The Lexham SGNT is an in-progress syntactic analysis of the New Testament. Data has been released for James, so we can check and see what it says about ?? ??????. The best place to look is in the Lexham SGNT: Expansions and Annotations resource. This resource functions like a word-by-word syntactic commentary on the text, providing information about syntactic function and also information on how the current word relates to other words in its context. The below entry shows the information for both ?? and ??????:

?? ?????? in the Lexham SGNT Expansions and Annotations

As you can see, the entries tell us how ?? and ?????? relate to each other (one is an article that modifies the noun). We can also see the Syntactic Force of ??????, that it “may be read as either Direct Object or Subject”. Note that both of those terms are red, which means they can be clicked on or hovered for definitions or more information. These definitions have further references into Greek grammars. So, if you click “Direct Object” you can from there get into either BDF or Wallace for further information and extended discussion. This could help in understanding more what “Subject” and “Direct Object” entail, which will help in determining what’s going on in this passage.
A side note: Order of terms in the Syntactic Force notation is not significant, so in this case we cannot say that the editor considers it more likely that this is a direct object. The Lexham SGNT reports the options and provides links into further resources.
The OpenText.org Syntactically Analyzed Greek New Testament
OpenText.org decline ?? ?????? as accusative, but mark it as the subject of the clause containing the quotation. This is evident in viewing the graph annotation:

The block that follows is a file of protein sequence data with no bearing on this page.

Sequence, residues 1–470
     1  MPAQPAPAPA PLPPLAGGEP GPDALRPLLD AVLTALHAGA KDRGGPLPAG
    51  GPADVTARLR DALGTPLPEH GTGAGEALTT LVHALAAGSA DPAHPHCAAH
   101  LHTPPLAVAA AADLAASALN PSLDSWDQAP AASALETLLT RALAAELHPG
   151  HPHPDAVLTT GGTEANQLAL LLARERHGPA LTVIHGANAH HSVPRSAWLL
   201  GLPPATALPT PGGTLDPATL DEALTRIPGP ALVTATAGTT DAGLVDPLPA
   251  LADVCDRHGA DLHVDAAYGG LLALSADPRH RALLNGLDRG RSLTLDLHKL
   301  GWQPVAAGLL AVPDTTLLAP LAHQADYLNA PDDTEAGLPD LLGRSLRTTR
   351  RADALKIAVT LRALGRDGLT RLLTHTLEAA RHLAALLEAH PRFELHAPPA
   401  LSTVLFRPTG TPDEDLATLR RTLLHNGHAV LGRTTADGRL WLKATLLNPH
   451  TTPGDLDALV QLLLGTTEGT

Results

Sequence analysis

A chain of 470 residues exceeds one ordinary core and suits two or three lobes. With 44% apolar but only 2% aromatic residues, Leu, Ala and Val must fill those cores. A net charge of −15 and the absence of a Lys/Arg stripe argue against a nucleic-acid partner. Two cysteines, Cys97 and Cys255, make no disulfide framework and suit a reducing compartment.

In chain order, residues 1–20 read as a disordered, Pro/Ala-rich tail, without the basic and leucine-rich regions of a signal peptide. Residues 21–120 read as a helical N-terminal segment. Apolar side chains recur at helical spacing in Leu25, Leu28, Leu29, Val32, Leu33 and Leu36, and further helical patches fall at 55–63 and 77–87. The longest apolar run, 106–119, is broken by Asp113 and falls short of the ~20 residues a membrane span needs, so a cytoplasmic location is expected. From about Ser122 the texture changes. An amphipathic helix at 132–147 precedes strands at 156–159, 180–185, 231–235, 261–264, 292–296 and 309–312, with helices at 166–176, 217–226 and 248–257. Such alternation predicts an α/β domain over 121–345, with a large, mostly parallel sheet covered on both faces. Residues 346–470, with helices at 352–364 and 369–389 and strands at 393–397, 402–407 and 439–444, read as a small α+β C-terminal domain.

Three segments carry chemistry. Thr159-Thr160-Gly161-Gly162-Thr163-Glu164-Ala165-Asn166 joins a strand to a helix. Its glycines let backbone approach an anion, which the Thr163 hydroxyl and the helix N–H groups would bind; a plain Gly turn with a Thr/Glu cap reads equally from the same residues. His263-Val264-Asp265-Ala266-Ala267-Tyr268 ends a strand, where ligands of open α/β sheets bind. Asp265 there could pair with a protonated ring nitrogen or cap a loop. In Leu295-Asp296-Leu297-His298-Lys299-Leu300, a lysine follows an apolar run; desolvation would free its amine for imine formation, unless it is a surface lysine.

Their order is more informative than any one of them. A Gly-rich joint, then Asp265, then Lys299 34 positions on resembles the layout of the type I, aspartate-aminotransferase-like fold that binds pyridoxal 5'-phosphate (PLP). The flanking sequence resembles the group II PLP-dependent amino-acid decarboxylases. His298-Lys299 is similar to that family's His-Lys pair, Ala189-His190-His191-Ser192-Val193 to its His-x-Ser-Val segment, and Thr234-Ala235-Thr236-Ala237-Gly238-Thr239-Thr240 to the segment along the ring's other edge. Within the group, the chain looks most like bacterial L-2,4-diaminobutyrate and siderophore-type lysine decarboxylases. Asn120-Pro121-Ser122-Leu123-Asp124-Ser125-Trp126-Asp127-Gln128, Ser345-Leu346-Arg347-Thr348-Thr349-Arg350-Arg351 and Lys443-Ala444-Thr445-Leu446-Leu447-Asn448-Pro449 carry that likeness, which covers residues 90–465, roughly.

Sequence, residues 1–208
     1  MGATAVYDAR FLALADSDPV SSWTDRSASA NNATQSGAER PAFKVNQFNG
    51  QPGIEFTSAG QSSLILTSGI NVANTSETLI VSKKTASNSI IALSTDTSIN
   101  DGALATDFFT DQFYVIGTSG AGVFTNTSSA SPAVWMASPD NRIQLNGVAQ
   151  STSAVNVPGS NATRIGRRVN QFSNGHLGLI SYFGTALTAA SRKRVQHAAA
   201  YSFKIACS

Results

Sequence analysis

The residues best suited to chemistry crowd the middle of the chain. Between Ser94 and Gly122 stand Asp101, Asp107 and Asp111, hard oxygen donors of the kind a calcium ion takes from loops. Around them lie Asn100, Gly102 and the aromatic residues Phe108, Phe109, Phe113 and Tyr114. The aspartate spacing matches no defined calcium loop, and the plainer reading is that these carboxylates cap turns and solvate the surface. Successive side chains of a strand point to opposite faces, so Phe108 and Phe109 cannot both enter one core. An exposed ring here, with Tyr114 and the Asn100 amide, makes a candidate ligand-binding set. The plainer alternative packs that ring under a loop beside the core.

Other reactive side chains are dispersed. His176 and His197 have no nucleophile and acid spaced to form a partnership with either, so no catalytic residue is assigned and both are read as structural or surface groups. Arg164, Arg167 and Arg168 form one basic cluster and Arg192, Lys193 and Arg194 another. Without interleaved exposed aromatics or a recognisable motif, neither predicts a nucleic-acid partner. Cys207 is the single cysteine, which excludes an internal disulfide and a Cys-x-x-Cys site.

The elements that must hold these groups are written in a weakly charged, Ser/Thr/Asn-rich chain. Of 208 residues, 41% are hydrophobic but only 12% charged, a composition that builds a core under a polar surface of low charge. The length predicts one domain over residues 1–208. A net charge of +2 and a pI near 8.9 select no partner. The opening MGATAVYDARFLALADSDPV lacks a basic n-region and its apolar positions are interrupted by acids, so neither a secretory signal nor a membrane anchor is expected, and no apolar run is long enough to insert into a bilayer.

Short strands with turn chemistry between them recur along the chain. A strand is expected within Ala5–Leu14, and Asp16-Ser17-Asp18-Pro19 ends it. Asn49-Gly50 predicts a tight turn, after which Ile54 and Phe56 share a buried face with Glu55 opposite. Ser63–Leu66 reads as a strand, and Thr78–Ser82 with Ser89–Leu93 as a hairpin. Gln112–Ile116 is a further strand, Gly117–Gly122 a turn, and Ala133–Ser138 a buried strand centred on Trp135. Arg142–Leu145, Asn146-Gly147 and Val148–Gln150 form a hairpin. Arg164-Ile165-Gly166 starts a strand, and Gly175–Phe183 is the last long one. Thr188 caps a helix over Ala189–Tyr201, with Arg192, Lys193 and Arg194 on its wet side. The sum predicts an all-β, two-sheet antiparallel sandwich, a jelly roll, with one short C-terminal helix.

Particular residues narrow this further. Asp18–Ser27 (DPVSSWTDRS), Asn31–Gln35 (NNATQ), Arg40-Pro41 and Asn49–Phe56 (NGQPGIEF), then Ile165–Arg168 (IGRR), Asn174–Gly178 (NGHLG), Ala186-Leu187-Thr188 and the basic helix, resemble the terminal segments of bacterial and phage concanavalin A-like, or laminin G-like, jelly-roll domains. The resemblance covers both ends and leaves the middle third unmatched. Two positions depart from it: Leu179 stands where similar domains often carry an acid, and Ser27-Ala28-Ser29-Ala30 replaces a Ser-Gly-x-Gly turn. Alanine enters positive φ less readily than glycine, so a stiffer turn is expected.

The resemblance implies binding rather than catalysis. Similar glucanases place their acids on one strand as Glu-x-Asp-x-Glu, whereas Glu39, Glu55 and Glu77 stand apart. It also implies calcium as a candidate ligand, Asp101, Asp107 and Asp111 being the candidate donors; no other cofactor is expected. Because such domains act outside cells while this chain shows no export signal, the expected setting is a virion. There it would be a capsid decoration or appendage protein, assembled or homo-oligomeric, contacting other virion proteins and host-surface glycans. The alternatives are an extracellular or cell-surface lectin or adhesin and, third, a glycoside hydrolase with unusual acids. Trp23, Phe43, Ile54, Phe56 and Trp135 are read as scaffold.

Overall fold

click to enlarge
?? ?????? in the OpenText.org SAGNT

This is somewhat confusing as the morphology of OpenText.org declines the noun as accusative but annotates the phrase as the subject of the secondary clause. This inconsistency has been reported to the OpenText.org group for consideration.
Well, things are still ambiguous, though we’ve looked in a lot of places to try to disambiguate them. English translations are fairly evenly split. Some Greek morphologies make a decision, others provide options. Syntactic annotations are the same; some provide options while others make a decision. Both morphologies and syntactic annotations provide links to grammatical resources (grammatical glossaries, grammars) for further research.
Either way, it is plain that this is ambiguous, and reputable scholars (and translators, and editors) translate and interpret the text differently.
What are our options at this point? We could:

  • See other ways that James uses ??????. This would involve searching for ?????? (or, perhaps, “spirit”) in James and examining how the word is used (Jas 2.26). This is not a sure-fire solution, but it is worth checking out.
  • Do a Bible Word Study report on the verb ???????? and examine Grammatical Relationships to see how else it is used. What sorts of things does it take as subject? As object?
  • Examine the larger context. Are there things present that would preclude one reading or the other? Are there things present that would lead you to prefer one over the other?
  • Examine commentaries that you’re familiar with and see how they present the ambiguity. A good commentary won’t just tell you how you should handle this, it will also tell you why that way is the proper way. Even better commentaries will discuss all of the options and explain why (if?) one is better than the others.

Next in the series we’ll look at the quotation in verse 5 and ask about what the quotation is, and where it might come from.

Written by
Rick Brannan

Rick Brannan is a Data Wrangler for Faithlife. He manages a team that creates and maintains linguistic databases and other analyses of the Hebrew Bible, the Greek New Testament, the Septuagint, and writings of the Second Temple era. He resides in Bellingham with his wife, Amy, their daughter, Ella, and their son, Lucas.

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Written by Rick Brannan